About Refugees and Resettlement
Refugees are, first and foremost, people and community members. They are parents and children, neighbors, classmates, and co-workers. We strive to help create a community where all people can integrate and thrive, and part of that includes understanding the refugee experience before arrival to Missoula.
About Refugees & Resettlement
There are more than 84 million people worldwide who have been forcibly displaced from their homes. According to the UNHCR’s population statistics database, over 40 percent of whom are children under 18-years-old. Of those 84 million, nearly 27 million have been deemed refugees by the United Nations.
A refugee is a person who crosses national borders into a new country and then registers with the United Nations, citing a credible fear of persecution or death due to race, religion, nationality, political affiliation or participation in a particular social group.
About 68 percent of refugees come from just five countries: Syria (6.8 million), Venezuela (4.1 million), Afghanistan (2.6 million), South Sudan (2.2 million) and Myanmar (1.1 million).
Once the UNHCR, the branch of the United Nations tasked with addressing the global refugee crisis, evaluates a person’s claims and deems the individual a refugee, planning for the future begins – and it often takes years before a resolution is reached. The UNHCR creates three paths available to refugees, none of which is easy: return to their home country (should the conflict resolve), remain in the location they’ve fled, or resettle in a third and different country with the chance to create a new permanent home.
Resettlement is the hardest of the three options to obtain, and the United Nations reserves it for people considered the most vulnerable. For example, that might mean applicants who have unique medical needs, are women and children, are survivors of violence, have family in another country or identify as LGBTQ. According to the National Immigration Forum, less than one percent of the total number of displaced people in the world are resettled in a third country each year.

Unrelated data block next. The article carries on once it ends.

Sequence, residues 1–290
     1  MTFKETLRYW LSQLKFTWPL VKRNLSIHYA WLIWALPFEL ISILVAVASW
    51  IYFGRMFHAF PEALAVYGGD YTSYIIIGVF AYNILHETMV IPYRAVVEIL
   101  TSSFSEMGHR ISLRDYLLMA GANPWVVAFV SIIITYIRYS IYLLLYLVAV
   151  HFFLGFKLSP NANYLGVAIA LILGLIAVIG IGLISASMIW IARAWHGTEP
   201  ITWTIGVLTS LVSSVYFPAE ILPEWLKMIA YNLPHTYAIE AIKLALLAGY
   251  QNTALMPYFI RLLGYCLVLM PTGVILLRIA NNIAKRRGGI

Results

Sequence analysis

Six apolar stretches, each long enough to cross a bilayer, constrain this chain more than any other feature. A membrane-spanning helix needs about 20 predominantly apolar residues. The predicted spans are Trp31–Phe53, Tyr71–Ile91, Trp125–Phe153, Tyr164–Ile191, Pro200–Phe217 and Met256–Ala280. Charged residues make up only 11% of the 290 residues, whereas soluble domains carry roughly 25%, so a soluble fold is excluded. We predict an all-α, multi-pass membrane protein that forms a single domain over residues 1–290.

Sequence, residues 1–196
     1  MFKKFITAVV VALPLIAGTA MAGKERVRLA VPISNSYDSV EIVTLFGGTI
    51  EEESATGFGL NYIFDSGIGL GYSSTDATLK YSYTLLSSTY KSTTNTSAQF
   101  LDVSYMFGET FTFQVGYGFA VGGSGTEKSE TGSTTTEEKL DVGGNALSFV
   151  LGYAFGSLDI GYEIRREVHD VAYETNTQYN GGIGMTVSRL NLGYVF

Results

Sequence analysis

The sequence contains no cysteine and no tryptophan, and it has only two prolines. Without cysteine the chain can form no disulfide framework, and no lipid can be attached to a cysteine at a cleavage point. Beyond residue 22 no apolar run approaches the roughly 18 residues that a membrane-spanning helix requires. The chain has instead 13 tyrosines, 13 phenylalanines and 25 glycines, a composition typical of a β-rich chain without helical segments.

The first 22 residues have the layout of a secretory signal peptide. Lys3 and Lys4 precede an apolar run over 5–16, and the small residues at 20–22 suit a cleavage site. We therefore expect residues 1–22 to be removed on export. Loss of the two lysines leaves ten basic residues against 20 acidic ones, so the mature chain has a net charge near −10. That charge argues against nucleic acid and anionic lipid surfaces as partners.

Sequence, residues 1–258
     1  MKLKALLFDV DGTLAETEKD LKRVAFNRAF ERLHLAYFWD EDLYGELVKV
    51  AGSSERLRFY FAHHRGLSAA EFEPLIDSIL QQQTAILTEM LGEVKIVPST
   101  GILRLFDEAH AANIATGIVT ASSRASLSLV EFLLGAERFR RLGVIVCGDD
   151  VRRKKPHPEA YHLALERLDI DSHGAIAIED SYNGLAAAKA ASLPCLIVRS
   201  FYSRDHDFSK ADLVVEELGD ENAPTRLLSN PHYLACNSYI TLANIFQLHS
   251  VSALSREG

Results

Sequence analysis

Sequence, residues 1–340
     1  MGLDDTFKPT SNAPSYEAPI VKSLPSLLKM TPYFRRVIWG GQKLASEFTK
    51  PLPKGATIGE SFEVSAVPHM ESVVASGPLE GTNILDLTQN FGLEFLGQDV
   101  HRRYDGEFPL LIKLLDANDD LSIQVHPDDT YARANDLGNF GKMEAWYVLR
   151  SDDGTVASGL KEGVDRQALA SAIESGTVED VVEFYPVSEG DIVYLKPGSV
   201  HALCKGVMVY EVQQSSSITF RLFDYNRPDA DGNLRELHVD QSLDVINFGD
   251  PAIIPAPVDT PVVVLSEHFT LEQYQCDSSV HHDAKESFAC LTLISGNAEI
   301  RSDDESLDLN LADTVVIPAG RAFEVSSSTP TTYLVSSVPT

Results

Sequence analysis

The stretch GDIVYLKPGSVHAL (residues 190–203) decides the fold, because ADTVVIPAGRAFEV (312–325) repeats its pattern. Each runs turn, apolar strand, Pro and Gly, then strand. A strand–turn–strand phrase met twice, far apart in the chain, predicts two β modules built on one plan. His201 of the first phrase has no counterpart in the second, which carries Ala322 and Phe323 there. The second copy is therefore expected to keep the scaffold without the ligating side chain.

The United States is particularly strict about who it accepts into the country as a refugee, especially since people who are resettled here gain a path to a green card after one year and to citizenship after five years. Prospective resettlement candidates go through extensive vetting that includes background checks, biometric screenings, and in-person interviews before finally being allowed to enter.
Once in the United States, refugees work closely with the local resettlement agencies in the cities they have been sent so that they can get their feet under them. Here in Missoula, the International Rescue Committee (IRC) plays that role. IRC receives federal funding to help new arrivals access essential services such as food, shelter, health care, employment, and education.
Each presidential administration gets to set the target number of refugees that will be accepted as part of the United States’ resettlement program every year. However, in recent years, that target number has been rarely reached. Families have do not get to choose their resettlement destination, but if there is a family tie, the government does try to place people with existing family members.
Though the United States admits refugees from more than 60 countries globally, Missoula has welcomed new arrivals from Syria, the Democratic Republic of the Congo, Iraq, Eritrea, and Afghanistan. Soft Landing continues to serve and support these clients outside the initial resettlement period.